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  • Workshop presentation
  • Open Access

Efficient calculation of g-factors for CG-SENSE in high dimensions: noise amplification in random undersampling

  • 1,
  • 1,
  • 1, 2 and
  • 1
Journal of Cardiovascular Magnetic Resonance201416 (Suppl 1) :W28

https://doi.org/10.1186/1532-429X-16-S1-W28

  • Published:

Keywords

  • Coil Sensitivity
  • Noise Amplification
  • Coil Configuration
  • Sample Correlation Matrix
  • Arbitrary Trajectory

Background

SENSE [1, 2] is one of the most used parallel imaging techniques. In [1], uniform undersampling was employed to efficiently reconstruct an unalised image, whereas in [2], a conjugate gradient-based method (CG-SENSE) was used for reconstruction with arbitrary trajectories. SENSE framework allows the calculation of g-factors, characterizing the noise amplification for a given k-space trajectory and coil configuration [1]. However, calculation of g-factors for arbitrary trajectories in high dimensions is time-consuming [3]. Furthermore, noise characteristics of random undersampling, used in compressed sensing, is not well-understood. In this work, we use a Monte-Carlo (MC) method for fast calculation of g-factors for CG-SENSE similar to [4, 5] and apply it to random Cartesian undersampling trajectories. Theory: SENSE involves a pre-whitening step [1, 2], thus without loss of generality, we assume white noise. SENSE reconstruction solves minm ||y - Em||2, where E is the system matrix, and y are the undersampled measurements. The g-factor for the kth voxel is given by gk = √([E*E]-1k,k [E*E]k,k). Inverting E*E is not feasible in high dimensions. Instead we note the gk corresponds to the kth diagonal of the reconstruction noise covariance matrix (for normalized coil sensitivities), where nrecon = (E*E)-1E*nmeas, and nmeas is measurement noise with identity covariance matrix. We calculate the sample correlation matrix using a MC approach (since sample mean goes to 0), as 1/(p-1)∑p nprecon (nprecon)* for p instances of nrecon. Note we only calculate and store the diagonal elements of this matrix, significantly increasing efficiency.

Methods

The MC method was first verified in a numerical simulation, where the g-factor was explicitly calculated for a 2D coil configuration, to determine how many MC simulations suffice. Whole-heart imaging was performed with an isotropic resolution of 1.3 mm using a 32-channel coil array. Two 4-fold accelerated acquisitions were performed, one with uniform undersampling (2 × 2 in the ky-kz plane) and one with random undersampling. Coil sensitivity maps were exported. Images were reconstructed using SENSE (for uniform) and CG-SENSE (for both). g-factors were also calculated with the proposed approach.

Results

Figure 1 shows the results of numerical simulations, indicating the method converges in ~50 MC simulations. Figure 2 shows the reconstructions associated with the two undersampling patterns and reconstructions, and the corresponding g-factors respectively. The results exhibit the semi-convergence property for random undersampling but not for uniform. Furthermore, the g-factor for random undersampling is smaller at its convergent point than for uniform.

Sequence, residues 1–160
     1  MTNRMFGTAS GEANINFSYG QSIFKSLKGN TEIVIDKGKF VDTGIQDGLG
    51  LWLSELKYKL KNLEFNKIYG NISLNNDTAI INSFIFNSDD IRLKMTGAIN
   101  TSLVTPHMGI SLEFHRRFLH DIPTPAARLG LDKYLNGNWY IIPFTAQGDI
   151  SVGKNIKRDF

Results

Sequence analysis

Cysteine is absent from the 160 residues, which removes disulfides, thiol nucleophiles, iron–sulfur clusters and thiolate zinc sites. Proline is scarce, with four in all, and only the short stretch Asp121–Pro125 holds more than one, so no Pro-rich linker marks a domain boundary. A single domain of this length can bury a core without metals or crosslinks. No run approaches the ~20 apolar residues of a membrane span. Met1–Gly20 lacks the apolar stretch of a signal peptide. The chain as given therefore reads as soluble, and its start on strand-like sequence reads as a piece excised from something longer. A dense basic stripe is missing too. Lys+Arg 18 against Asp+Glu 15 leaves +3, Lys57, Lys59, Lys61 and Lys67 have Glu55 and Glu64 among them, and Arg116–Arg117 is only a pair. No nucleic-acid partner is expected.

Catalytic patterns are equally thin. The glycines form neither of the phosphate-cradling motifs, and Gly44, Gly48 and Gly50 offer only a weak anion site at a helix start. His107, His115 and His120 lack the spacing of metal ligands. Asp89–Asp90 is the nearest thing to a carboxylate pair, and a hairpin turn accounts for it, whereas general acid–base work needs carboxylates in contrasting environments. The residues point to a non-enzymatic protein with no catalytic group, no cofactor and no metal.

Figure 1
Figure 1

g-factor maps calculated from numerical simulations using point-by-point analytical evaluation, as well as the described Monte-Carlo method for various number of simulations (#MC). The Monte-Carlo based approach converges after ~50 simulations.

Figure 2
Figure 2

(a) Reconstructions from two 4-fold accelerated acquisitions with uniform and random sampling (zoomed into the heart). CG-SENSE with uniform undersampling converges in 10-15 iterations, whereas CG-SENSE with random undersampling converges in ~5 iterations (also exhibiting the semi-convergence property attributed to CG-SENSE). (b) The corresponding g-factor maps from 50 MC simulations (depicting the whole slice). g-factor maps for uniform undersampling with CG-SENSE converges to the SENSE maps in 10-15 iterations, exhibiting the folding patterns associated with SENSE reconstructions. g-factor maps for random undersampling are more homogenous, amenable to denoising with a fixed threshold (semi-convergence is also exhibited in these maps). g-factor values taken near the ascending aorta are 1.80 for SENSE; 0.55,1.26,1.60,1.80,1.79 for CG-SENSE with uniform undersampling (iterations 1,3,5,10,15 respectively); and 0.46,0.76,1.09,1.85,2.45 for CG-SENSE with random undersampling (iterations 1,3,5,10,15 respectively).

Conclusions

g-factors for random undersampling is better than those for uniform at high k-space dimensions and high acceleration rates.

Funding

NIH:K99HL111410-01; R01EB008743-01A2.

Authors’ Affiliations

(1)
Medicine, Beth Israel Deaconess Medical Center, Harvard Medical School, Boston, Massachusetts, USA
(2)
Radiology, Beth Israel Deaconess Medical Center, Harvard Medical School, Boston, Massachusetts, USA

References

  1. Pruessmann : MRM. 1999Google Scholar
  2. Pruessmann : MRM. 2001Google Scholar
  3. Liu : ISMRM. 2008Google Scholar
  4. Thunberg : MRI. 2007Google Scholar
  5. Robson : MRM. 2008Google Scholar

Copyright

© Akcakaya et al.; licensee BioMed Central Ltd. 2014

This article is published under license to BioMed Central Ltd. This is an Open Access article distributed under the terms of the Creative Commons Attribution License (http://creativecommons.org/licenses/by/2.0), which permits unrestricted use, distribution, and reproduction in any medium, provided the original work is properly cited. The Creative Commons Public Domain Dedication waiver (http://creativecommons.org/publicdomain/zero/1.0/) applies to the data made available in this article, unless otherwise stated.

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